The Survivors Network of those Abused by Priests
SNAP Press Statement
For immediate release: Wednesday, August 11, 2010
Victims prod Catholic staff for outreach re: Irish predator
Statement by David Clohessy, executive director of SNAP, Survivors Network of those Abused by Priests (314-566-9790)
The onus is now on Catholic employees in Santa Rosa, Sacramento and the Bay Area. They all now clearly know that a credibly accused and likely dangerous child molesting priest worked or lived in their dioceses. It's their moral duty to help police and prosecutors by aggressively seeking out others who were hurt by Fr. McCabe and urging them to contact law enforcement and offering them help.
These bishops and their staff can sit back and do nothing, or they can honor the parable of the ‘lost sheep’ and work to find and help wounded victims and keep a predator away from children. We hope they’ll act responsibly and use their diocesan websites, parish bulletins, pulpit announcements and other vast resources to help protect the vulnerable and heal the wounded.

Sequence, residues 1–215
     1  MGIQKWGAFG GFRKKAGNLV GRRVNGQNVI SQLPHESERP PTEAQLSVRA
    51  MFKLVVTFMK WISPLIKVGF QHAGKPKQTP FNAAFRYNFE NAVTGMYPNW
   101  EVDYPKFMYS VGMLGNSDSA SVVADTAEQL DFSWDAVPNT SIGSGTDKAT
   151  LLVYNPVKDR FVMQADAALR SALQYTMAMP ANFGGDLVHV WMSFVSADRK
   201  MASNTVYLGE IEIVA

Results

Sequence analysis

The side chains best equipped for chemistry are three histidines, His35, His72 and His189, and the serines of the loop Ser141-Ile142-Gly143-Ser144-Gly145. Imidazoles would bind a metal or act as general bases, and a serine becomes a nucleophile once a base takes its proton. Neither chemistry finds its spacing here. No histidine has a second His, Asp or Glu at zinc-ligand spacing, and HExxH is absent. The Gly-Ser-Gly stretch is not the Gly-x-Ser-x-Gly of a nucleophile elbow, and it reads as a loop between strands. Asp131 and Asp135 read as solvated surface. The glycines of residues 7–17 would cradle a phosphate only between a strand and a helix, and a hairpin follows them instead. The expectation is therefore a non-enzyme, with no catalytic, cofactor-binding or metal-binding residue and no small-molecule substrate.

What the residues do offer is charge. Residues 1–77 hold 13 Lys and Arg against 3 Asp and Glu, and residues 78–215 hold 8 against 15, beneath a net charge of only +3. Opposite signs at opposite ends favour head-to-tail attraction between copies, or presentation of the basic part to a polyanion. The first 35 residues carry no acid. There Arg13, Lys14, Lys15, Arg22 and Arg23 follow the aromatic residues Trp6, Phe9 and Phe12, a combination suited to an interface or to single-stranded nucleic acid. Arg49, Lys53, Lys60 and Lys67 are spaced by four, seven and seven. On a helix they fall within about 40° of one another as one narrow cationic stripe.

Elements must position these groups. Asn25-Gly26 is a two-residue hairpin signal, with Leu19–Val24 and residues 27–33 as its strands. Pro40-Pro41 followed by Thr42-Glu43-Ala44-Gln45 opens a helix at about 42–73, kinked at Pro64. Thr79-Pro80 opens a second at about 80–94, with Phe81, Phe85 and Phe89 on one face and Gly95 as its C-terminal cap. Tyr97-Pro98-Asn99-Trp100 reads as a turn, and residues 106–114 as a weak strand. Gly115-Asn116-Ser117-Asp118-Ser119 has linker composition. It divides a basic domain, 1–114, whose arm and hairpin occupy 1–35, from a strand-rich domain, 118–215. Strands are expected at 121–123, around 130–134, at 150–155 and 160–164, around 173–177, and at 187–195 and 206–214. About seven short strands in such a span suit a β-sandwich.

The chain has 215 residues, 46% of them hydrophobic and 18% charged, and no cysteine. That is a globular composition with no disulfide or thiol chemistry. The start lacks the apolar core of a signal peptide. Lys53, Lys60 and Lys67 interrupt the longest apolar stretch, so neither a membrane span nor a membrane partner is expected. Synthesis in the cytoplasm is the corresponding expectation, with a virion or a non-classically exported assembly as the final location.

(SNAP, the Survivors Network of those Abused by Priests, is the world's oldest and largest support group for clergy abuse victims. We've been around for 22 years and have more than 9,000 members. Despite the word "priest" in our title, we have members who were molested by religious figures of all denominations, including nuns, rabbis, bishops, and Protestant ministers. Our website is SNAPnetwork.org)
Contact David Clohessy (314-566-9790 cell), Barbara Blaine (312-399-4747 cell), Barbara Dorris (314-862-7688 home, 314-503-0003 cell)